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Food waste & Composting opportunities

  • 1.  Food waste & Composting opportunities

    Posted 05-23-2020 03:40 PM

    In light of recent news regarding farmers and our agriculture industry that are releasing and destroying crops, are there safe measures being taken to ensure that the disposed material are being recycled properly? 


    There are a few reasons why I am concerned (both as a person who calls this land home and as an engineer):
    1. It is millions of dollars that are lost in revenue and in providing food products for the country and world.
    2. The massive destruction and waste produced in this process could potentially become hazardous waste if it doesn't decompose properly.
    3. Are there any good composting or waste management practices that could be introduced to the agricultural industry? The concern here is relating to keeping their farms & lands fertile to be capable of providing nutritious food after everyone, including industries and businesses, acclimates out of the crisis. 


    Thanks,

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    Oanh Le Aff.M.ASCE
    Suwanee GA
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  • 2.  RE: Food waste & Composting opportunities

    Posted 05-26-2020 11:51 AM
    These are very good and relevant questions and I will offer a few thoughts. Composting or use of organic materials as a nutrient source is very common in agriculture and crop production. I provide a few examples below. It may be useful to break the question about composting practices down into where and when in the food chain it occurs, such as in-field before harvest, post harvest storage, partially or fully processed food stock, livestock and such to identify where new composting practice opportunities exist.

    A couple of examples of where there are well-developed practices already: We regularly see crops (e.g. corn, soybeans, potatoes, sugar beets) damaged by weather, pests or for other reasons not being harvested. These crops are worked back into the soil and their nutrients re-released back for future crops. At the other end of the scale, with several meat processing plants idled due to COVID19 we are seeing a surplus of animals (especially hogs) that are being composted. While rare, large-scale composting of animal carcasses is done in a controlled way, ensuring the right C/N ratio, temperature and time is in place for complete composting, killing of pathogens and avoid smells. In Minnesota, we have a state emergency management team overseeing these composting activities to ensure they are done in a safe and appropriate way. Other states have similar procedures in place.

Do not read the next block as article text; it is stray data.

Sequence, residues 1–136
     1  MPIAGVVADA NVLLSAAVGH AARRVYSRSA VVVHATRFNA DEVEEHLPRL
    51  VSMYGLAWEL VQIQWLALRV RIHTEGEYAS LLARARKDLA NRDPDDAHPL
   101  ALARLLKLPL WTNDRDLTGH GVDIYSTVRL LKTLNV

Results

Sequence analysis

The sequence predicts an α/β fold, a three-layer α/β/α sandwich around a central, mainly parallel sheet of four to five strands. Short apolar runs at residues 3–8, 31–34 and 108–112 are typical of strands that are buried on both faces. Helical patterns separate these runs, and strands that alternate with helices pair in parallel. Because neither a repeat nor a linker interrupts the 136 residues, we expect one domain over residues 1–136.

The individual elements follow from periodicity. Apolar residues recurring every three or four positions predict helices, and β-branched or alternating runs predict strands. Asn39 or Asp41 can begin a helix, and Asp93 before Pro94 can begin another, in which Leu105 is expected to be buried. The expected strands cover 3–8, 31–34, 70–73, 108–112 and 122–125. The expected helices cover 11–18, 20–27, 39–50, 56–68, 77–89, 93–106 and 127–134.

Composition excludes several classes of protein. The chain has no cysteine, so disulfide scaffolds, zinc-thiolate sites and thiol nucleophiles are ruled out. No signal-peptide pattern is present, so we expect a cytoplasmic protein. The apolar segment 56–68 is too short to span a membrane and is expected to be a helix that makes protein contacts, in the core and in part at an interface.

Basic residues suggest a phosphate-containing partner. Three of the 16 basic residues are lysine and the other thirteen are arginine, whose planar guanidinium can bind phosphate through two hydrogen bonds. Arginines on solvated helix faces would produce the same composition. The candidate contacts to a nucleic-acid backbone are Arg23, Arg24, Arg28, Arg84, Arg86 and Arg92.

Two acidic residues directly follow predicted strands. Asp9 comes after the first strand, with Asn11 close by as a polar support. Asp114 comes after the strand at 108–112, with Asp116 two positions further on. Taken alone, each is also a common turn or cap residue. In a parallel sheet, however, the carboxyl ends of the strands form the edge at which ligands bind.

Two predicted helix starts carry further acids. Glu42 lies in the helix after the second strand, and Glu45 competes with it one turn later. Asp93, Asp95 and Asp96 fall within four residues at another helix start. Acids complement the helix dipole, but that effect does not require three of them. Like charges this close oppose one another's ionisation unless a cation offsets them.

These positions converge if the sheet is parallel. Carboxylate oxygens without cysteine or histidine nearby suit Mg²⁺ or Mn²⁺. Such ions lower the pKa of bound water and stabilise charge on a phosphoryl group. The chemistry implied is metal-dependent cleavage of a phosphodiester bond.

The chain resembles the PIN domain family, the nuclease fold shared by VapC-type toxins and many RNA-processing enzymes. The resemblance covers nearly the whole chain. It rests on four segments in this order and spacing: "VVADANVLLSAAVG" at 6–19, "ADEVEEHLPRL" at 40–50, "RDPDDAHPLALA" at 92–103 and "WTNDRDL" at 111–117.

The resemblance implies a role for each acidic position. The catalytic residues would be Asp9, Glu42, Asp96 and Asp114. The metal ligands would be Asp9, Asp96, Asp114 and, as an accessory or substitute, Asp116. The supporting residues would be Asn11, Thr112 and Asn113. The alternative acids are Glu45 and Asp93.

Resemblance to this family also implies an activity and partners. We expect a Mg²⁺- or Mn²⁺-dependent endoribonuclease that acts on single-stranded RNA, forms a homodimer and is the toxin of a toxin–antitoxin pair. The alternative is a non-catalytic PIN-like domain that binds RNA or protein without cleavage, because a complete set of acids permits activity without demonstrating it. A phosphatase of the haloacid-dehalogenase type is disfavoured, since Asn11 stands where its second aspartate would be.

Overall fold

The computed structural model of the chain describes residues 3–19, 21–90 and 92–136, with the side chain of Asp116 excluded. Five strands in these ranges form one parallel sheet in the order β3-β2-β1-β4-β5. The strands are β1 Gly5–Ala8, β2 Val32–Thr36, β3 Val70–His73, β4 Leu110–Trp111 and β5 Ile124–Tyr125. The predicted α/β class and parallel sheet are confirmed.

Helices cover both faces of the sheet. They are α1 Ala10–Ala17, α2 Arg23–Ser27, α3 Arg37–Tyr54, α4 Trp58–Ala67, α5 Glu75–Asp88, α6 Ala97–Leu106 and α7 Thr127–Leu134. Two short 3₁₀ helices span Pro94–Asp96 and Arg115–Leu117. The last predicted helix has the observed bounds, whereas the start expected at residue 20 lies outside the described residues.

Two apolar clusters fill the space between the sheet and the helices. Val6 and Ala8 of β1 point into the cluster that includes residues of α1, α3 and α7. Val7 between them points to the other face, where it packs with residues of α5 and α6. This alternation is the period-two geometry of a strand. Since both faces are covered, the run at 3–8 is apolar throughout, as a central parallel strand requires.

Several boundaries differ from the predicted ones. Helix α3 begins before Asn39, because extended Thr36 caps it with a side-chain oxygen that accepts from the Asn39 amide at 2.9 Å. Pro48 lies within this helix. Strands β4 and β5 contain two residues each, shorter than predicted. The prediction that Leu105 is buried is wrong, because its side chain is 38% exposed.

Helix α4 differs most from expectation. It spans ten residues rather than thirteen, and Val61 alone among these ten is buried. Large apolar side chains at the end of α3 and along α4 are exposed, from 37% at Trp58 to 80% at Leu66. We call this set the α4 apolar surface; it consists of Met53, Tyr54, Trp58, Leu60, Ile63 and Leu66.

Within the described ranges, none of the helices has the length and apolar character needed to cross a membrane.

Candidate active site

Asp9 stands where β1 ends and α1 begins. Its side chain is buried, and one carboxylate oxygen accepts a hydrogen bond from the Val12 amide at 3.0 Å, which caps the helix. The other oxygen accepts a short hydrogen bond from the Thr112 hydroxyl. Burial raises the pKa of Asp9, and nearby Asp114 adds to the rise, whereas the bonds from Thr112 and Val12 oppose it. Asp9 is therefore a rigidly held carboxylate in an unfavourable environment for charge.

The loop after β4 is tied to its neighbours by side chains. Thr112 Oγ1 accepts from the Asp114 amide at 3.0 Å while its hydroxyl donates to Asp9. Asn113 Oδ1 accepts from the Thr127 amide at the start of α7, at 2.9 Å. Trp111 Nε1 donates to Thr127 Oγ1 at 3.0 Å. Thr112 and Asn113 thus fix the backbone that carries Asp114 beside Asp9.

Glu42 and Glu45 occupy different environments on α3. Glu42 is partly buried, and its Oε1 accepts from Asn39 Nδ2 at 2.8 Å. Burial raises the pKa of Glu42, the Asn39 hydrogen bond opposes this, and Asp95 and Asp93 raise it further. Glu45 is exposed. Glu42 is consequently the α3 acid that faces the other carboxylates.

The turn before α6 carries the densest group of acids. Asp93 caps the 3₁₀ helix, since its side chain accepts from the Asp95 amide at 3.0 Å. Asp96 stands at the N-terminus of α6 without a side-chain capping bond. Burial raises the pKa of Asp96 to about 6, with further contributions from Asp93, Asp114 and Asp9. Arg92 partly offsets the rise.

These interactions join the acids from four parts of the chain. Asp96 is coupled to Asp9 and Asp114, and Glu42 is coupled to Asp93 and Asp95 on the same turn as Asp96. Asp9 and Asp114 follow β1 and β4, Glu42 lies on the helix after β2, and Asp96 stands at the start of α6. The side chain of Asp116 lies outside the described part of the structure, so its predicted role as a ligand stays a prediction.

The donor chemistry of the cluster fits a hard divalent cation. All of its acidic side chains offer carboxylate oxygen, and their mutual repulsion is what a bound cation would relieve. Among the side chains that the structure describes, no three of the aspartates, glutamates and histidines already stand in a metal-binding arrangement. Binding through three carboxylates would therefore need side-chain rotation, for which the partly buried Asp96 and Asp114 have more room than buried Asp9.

Thanks,
    Jeppe Kjaersgaard
    Minnesota Department of Agriculture

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    Jeppe Kjaersgaard
    Research Scientist
    Minnesota Department of Agriculture
    Saint Paul MN
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  • 3.  RE: Food waste & Composting opportunities

    Posted 05-26-2020 01:50 PM
    Hi Mr. Kjaersagaard,

    Thank you for your insight. Your response was reassuring. In a sense, my question may be more related to how COVID19 breaks down on its own and whether those byproducts would be considered toxic for human exposure or consumption. In this case, my imagination is getting the best of me, but what is the likelihood that the virus breaks down (or does not) in certain conditions and produces a by-product that may be toxic as a secondary reaction to the virus' decomposition with other materials? Maybe the question is how does it interact with other bacterias, virus' and or pathogens as it decomposes?

    My guess is that if it does not decompose, it may end up being a virus that will require continuous vaccine treatments similar to the flu.

    Thank you for your response. I enjoy these discussions and for some reason my questions end up being rhetorical in nature, but the subjects are open-ended.


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    Oanh Le Aff.M.ASCE
    Suwanee GA
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